doped aluminum oxide (4) may be deposited in a roll-to-roll
KB process, directly on top of the flexible metal strip as
illustrated in Figure 2. On top of the electrically
insulated single layered alkali metal doped aluminum oxide,
also a molybdenum layer can be deposited by means of
electron beam deposition in a roll-to-roll process.


As an altrnative to the single or mono layer (4)
according to Figure 2, an electrically insulating aluminum
oxide multi-layer structure (2) may be deposited, also by
EB deposition in a roll-to-roll process. The aluminum oxide
multi-layer structure should be well adherent to the metal
strip as well as dense and smooth.
The deposited aluminum oxide is doped with a small
amount of alkali metal, preferably sodium. To create a back
contact for the CIGS solar cell, a molybdenum layer (3) may
be deposited on top of the electrically insulated metallic
strip. The molybdenum layer should be dense and well
adherent to the metal oxide coating to avoid cracking or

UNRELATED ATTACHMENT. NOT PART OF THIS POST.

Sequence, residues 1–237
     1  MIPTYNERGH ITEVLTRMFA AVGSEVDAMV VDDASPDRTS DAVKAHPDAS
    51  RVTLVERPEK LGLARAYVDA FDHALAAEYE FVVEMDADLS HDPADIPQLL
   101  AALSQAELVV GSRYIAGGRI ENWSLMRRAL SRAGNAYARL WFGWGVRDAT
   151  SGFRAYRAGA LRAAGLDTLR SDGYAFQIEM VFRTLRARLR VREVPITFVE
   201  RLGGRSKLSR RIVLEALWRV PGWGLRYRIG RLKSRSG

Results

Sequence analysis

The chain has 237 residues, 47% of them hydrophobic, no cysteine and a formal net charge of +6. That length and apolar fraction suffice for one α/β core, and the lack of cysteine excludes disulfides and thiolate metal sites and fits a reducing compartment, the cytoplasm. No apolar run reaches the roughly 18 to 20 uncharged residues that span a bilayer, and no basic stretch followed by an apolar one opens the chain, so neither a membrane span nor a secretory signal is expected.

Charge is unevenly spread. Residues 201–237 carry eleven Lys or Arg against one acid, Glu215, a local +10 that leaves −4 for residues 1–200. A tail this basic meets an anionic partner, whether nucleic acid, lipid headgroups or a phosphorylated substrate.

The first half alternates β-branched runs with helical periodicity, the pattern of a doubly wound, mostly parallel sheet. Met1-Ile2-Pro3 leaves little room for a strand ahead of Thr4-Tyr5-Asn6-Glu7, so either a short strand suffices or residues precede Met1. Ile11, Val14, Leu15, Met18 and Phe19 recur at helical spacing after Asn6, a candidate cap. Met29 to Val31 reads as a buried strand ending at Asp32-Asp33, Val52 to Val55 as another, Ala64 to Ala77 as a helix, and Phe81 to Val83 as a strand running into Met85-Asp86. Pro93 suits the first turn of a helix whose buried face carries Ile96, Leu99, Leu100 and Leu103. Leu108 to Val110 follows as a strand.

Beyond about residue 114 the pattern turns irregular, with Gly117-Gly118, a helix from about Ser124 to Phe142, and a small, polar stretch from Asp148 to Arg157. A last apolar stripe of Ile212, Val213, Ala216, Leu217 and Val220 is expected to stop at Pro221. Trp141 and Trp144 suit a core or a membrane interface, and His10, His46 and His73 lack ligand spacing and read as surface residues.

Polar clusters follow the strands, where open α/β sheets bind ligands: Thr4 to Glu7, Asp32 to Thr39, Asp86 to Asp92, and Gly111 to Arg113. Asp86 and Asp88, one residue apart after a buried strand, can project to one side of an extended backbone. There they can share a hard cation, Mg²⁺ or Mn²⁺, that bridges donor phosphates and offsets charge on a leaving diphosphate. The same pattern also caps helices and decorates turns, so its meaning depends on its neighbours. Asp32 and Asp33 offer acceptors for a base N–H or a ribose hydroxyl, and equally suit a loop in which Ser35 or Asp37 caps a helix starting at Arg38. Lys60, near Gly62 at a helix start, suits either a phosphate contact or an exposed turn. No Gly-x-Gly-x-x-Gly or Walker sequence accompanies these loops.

spallation. Furthermore, the molybdenum layer should have a
i-.kickness between 0,1-5 \xm, preferably 0,4-2 Jim.
Another variation to the two above-mentioned examples
is that no molybdenum back contact layer is deposited on
top of the electrically insulating aluminum oxide multi-
layer structure (2) or the electrically insulating aluminum
oxide single layer (4) deposited by EB deposition in the
roll-to-roll process. This is illustrated in Figure 3. In
the figure the benefit of a multi-layer metal oxide
structure is illustrated by the termination of any pinholes
(5) and/or electrical pathways (5) through the metal oxide
multi-layers.
The roll-to-roll, electron beam evaporation process is
illustrated in Figure 4. The first part of such a
production line is the uncoiler (6) within a vacuum chamber
(7), then the in-line ion assisted etching chamber (8),
followed by a series of EB evaporation chambers (9), the
number of EB evaporation chambers needed can vary from 1 up